Aspen schools learning to adapt to new online education system during extended closure

Distance learning brings with it different hurdles for each person involved. For some, like Aspen High School English teacher Cerena Seeber, it’s adapting to the lack of an in-person community that is usually found in each classroom.

“I’m going to miss that pretty quickly. But right now it’s just been getting that up and running,” she said of taking the classroom online, which started Wednesday for Aspen students. “It’s so dynamic being in a classroom and reading the room and working as a team. Each period has its own feel and its own personality, and I feel that was one of my strong suits, is actually being able to work with humans in that environment.”

That environment has changed a lot since the COVID-19 pandemic altered life as we knew it. The Aspen School District first shut its doors due to coronavirus concerns March 13 and hasn’t reopened since. A statewide mandatory closure of all schools has since been issued, and Wednesday, Gov. Jared Polis extended that closure until at least April 30. This closure includes all high school spring sports.

“When the first quarantine happened, we thought it was going to be short,” AHS principal Tharyn Mulberry said Wednesday. “Now we have just the opposite, as now we think it’s going to be long.”

While the doors remain closed, the governor’s directive still encourages distance learning, which is being embraced with open arms by ASD. The district officially opened its digital classroom Wednesday, the first step in a return to normalcy for the roughly 1,600 kids it educates.

“It went incredibly well,” Mulberry said, noting that 90% of the high school students were able to virtually check in on Wednesday. “It’s a work in progress. It’s continually being developed and shaped with feedback and changes as we start to go through the actual implementation.”

All classes are now run remotely through Google Classroom with students allowed to work at their own pace. Teachers still hold office hours and are able to lecture and talk directly to students through the web. It’s a workflow that is new for everyone, but after a day seemed to be working well.

“Everyone is trying to figure it out, but so far it’s been fine,” said AHS senior Lauren Fox, the student body’s head girl. “It’s definitely nice to have something, just more things to do during the day. At least some things are a little more normal having school. So I don’t really mind it.”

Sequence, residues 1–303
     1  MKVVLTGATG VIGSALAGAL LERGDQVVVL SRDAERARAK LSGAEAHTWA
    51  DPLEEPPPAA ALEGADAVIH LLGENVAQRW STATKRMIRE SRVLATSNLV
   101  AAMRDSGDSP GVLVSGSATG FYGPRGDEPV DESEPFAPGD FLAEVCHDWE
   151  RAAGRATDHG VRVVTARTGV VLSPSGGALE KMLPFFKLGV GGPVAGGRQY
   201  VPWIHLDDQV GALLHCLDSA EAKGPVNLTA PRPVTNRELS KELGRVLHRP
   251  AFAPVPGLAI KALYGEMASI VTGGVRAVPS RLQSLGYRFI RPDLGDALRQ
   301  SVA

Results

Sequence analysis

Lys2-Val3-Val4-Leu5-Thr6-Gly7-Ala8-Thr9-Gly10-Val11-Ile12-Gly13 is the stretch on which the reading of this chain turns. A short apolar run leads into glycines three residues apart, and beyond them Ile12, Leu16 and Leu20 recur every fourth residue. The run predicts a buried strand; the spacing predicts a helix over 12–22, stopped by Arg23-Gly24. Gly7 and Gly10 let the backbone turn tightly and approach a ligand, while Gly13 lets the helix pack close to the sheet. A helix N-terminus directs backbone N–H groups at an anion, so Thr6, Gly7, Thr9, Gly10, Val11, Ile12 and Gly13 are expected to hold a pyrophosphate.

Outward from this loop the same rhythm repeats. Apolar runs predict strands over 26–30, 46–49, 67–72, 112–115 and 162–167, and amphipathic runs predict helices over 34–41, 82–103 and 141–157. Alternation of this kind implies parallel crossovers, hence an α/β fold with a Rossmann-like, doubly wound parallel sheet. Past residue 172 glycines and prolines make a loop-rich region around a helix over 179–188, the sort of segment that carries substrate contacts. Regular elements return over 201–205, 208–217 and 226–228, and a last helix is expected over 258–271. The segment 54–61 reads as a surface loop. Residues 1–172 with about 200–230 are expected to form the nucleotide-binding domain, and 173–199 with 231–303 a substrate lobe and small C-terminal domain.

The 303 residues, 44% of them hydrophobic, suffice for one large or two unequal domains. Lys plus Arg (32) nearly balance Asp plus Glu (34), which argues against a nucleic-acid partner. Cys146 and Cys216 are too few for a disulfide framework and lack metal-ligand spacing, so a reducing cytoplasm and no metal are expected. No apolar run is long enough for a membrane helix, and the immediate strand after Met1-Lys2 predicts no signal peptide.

For older students like Fox, online learning is an easier transition to make than it is for the elementary school students. Aspen Elementary School principal Christopher Basten needed a slightly different model that works better for 5- and 6-year-olds who don’t have the same attention span.

“The idea was make it flexible for the families, make it meaningful for the kids, and start to begin to head down that road of trying to re-create a classroom community,” Basten said. “Having 18 kindergartners on a Chromebook doesn’t work. So we wanted to get the content out there based on the learning targets that followed the curriculum that they could access with their parents and make it a really meaningful experience.”

Basten said the school handed out about 100 Chromebooks to students on Wednesday, and will hand out even more over the coming days. Making sure students have the proper tools, such as computers and internet access, has been a priority.

“We realized we better have a fluid plan, something that builds on top of each other and relies on feedback from kids and from teachers to see what is working and what isn’t,” Basten said. “We fully acknowledge the best things we are going to be able to come up with here at the elementary school are not going to be a substitute for what the kids experience when they walk in these doors with those smiling faces every day of the week. It’s just different. It offers new challenges. But it’s also exciting, too. When we get to the other side of this, we are going to be better people.”

With the statewide school closures going through April, all signs indicate in-person education likely won’t return this academic year. Meaning, distance learning will quickly become the new norm across the state, including here in Aspen. The Roaring Fork School District, which includes the Basalt schools, has implemented a similar online philosophy.

“I’m really excited about this opportunity we’ve been given. I’m also excited about what it could mean for the future of education,” said Seeber, who has two children of her own who attend the high school. “Because I do think we’ve been stuck in this traditional model for way too long and Tharyn and (AHS vice principal Sarah Strassburger) have been great about trying to get us to think outside of the box and I do think this is going to be that push.”